An olive branch, with strings attached

Here, from an iPolitics interview with Erin O’Toole, are some principled and sensible “conditions” which the Conservatives demand in return for, broadly, supporting the Liberal government during NAFTA negotiations:

  • The Liberals must “keep the focus on job creation, securing market access and levelling a playing field that he says has given Mexican labour an unfair advantage;” and
  • The Conservatives “have no time for the “virtue signalling” on gender, Indigenous and environmental issues that the government has also raised as bargaining priorities.

21030548_erin-otooleMr O’Toole, suggests, correctly, I think, that the “virtue signalling” is all, 100% about burnishing Prime Minister Justin Trudeau’s public profile and they have exactly zero bearing on NAFTA. The government ought not to be surprised when the official opposition decides not to help the government win the next election or campaign for a Nobel Prize.

The iPolitics article says that “For now, said O’Toole, the dust has settled … [because, in part] … “There is a lot of goodwill for us to work on it” said O’Toole … [because, further] … trade is the Conservative legacy — the original free trade deal with the U.S., NAFTA, the Canada-EU pact, were all instigated by Conservative governments. NAFTA and the Canada-EU pacts were finalized by Liberal governments … [and, he said] … “We want it to be a positive. We know how critical it can be to jobs in our economy” … [additionally] … O’Toole also said he has great respect for his prime political opponent, Foreign Affairs Minister Chrystia Freeland, who is also in charge of NAFTA and Canada-U.S. relations. He said they struck up a rapport when he was the Conservative parliamentary secretary on trade and she the Liberal trade critic … [and] … “We have a friendship; I admire her a great deal.” But that warmth does not extend to other members of Trudeau cabinet, or the prime minister himself … [because] … “What I want to see out of Canada is less of the virtue-signalling type of approach where we put the centrepieces of Justin Trudeau’s image building — the gender equal cabinet, the reconciliation — they’re all important but this is an economic trade agreement,” said O’Toole … [and] … “I don’t think anyone who’s had a casual observation of the Trump administration will suggest that their priority is going to be environment, Indigenous and other things like that” … [but] … when it comes to making progress on labour rights, the Liberals and Conservatives are on the same page. Low wages and poor working conditions have given Mexico an unfair advantage, particularly in the auto sector, he said … [and] … O’Toole said NAFTA should strive to find ways to elevate Mexican workers with higher pay, better working conditions, benefits such as workers’ compensation — “a whole range of additions” … [because] …  “At times we will have mutual interests with Mexico, but at times we will not,” he said. “That’s also got to be the realpolitick with this.”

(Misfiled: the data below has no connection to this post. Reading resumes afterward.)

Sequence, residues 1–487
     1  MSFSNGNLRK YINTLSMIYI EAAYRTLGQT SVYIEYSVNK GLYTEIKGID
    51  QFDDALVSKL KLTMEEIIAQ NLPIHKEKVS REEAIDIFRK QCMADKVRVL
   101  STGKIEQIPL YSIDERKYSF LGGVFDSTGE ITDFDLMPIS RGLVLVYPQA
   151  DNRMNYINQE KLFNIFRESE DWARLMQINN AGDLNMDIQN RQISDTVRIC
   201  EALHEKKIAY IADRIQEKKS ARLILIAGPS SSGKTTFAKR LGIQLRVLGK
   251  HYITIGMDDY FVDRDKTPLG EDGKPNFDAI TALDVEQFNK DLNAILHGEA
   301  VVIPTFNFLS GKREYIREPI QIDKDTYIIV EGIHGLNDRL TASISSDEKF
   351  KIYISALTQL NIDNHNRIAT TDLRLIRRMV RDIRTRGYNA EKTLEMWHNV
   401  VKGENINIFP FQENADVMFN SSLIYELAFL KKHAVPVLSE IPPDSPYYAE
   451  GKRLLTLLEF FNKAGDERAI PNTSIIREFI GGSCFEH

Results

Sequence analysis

9565485c847b8a185185c07f5292ed5eSo there it is: an olive branch with some string attached: negotiate with Canada’s (now just Justin Trudeau’s) vital interests at the top of the agenda and the government can count on bipartisan support. But I’m not sure it will work … my, personal, sense is that the Butts-Telford-Trudeau team is not, really, interested enough in NAFTA … not compared to their 2019 election campaign, anyway.


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